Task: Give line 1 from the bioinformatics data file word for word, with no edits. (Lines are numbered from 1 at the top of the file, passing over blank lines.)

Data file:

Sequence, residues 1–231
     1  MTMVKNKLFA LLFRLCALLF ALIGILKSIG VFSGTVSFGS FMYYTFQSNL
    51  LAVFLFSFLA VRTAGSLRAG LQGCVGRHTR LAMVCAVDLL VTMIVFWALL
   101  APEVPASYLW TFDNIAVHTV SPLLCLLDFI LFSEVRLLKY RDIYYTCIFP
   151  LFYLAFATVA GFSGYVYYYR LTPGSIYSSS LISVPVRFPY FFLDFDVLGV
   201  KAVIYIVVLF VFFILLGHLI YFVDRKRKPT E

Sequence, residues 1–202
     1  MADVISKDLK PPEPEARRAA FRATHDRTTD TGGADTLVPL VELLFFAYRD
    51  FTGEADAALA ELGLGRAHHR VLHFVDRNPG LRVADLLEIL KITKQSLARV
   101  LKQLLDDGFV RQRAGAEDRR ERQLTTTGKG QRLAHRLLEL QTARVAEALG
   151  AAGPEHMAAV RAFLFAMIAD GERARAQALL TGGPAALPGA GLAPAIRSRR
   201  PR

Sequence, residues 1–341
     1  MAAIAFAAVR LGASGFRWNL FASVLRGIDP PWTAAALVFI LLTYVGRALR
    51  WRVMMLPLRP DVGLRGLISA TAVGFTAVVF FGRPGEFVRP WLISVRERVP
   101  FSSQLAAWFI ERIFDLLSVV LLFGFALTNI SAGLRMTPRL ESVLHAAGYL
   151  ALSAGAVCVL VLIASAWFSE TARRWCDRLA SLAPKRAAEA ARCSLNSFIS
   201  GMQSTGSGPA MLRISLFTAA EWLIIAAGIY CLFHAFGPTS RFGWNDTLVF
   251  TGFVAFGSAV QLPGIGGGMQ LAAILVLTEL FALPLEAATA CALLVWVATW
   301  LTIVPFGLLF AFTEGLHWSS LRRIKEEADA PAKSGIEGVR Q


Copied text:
Sequence, residues 1–231